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About daba

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  1. Wiping Consumed Tags RSLogix5k

    TecTeo, I would not "wipe" the data received, but simply would not "use" it if the Produce/Consume connection wasn't valid. Whatever data you need to Produce and Consume, wrap it up into a new UDT that contains, as the first element, the CONNECTION_STATUS (it is a pre-defined data-type). That Connection_Status element contains two bits, which are maintained at system-level... The Producing Controller is in a "Run" mode. The "Connection" is healthy. If both bits are on in the consumer controller, then the data in that consumed tag is 100% valid, and can be used, otherwise discard whatever data is in the consumed tag, or simply ignore it as "invalid". Once you have done this once, and verified that it does actually work, you probably won't be messing around with handshakes or comms watchdogs again.  
  2. Max RTO Pre RSLogix5000

    Conversely, it doesn't give any limitations, just that is a DINT value, and as already stated, you will have no problems with your 24-hour RTO. Sometimes you have to read between the lines when digesting the Help. Mostly it gives positive information, but occasionally, as in this case, if it doesn't give any negative indication, it's usually safe to assume a positive indication.
  3. Scheduling a new module or not?

    It is permissible to put a new module in any chassis, local or remote, and set it up for unscheduled data transfer. If there is no warning triangle on the module when it is not set up for scheduled data-transfer, then it is communicating (producing and consuming) with the controller. If you are not seeing any data from the module, then it may be a module configuration issue. You may need to force-write the configuration tag again if you just change from scheduled, to unscheduled. Unplug the MCM and put it back in the chassis. You can do this with power applied (so long as you are not in a hazardous area). Adding a module into the unscheduled part of the NUT is do-able, but not recommended as a long-term solution. RA recommends that as soon as practical, and safe, it is moved into the ControlNet schedule.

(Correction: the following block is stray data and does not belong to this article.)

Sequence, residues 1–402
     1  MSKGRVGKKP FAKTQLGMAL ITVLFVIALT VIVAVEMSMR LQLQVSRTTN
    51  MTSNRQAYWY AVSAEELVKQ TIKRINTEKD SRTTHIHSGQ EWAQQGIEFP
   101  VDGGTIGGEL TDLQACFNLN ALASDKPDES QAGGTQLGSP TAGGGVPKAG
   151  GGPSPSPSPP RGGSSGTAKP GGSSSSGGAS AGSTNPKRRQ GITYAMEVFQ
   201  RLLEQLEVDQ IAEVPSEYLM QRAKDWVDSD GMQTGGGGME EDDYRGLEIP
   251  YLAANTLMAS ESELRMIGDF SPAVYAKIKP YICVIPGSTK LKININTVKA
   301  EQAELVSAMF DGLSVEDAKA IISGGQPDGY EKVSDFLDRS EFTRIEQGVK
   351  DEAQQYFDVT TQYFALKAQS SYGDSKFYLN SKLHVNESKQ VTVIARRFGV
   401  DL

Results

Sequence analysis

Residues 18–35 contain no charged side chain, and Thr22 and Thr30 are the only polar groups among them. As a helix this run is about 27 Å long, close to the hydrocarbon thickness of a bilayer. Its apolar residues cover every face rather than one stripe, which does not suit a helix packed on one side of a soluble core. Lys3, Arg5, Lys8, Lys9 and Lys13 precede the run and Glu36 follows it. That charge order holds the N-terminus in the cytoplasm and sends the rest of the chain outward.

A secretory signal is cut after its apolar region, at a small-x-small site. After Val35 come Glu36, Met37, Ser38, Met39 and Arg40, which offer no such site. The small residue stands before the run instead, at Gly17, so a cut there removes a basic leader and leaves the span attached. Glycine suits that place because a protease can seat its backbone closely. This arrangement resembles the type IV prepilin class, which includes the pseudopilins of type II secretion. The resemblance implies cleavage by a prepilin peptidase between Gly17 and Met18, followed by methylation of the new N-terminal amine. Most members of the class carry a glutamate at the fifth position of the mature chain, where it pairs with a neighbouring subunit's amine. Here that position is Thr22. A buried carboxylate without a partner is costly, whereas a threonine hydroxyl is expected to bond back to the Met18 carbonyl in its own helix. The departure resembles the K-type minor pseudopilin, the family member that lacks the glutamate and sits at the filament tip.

4. Nothing wrong with b_carlton's suggestion to use COP or more preferably CPS. This is the fastest and cleanest way to do this, and avoids any possible problems with "interrupting" tasks, as mentioned. The main thing to remember is the Length setting, which is the number of elements, of the destination data-type. The cop(cps) mulitiplies this length by the number of bytes of the destination data-type, to determine how many bytes of data to quickly copy from one memory area to another. So ... CPS Shuttle:I.Data[4] My_DINT 1 .... length is 1 because the destination data-type is 1 DINT element - 4 bytes are copied. CPS My_DINT Shuttle:I.Data[4] 4 .... length is 4 because the destination data-type is a SINT (one byte) - 4 bytes are copied.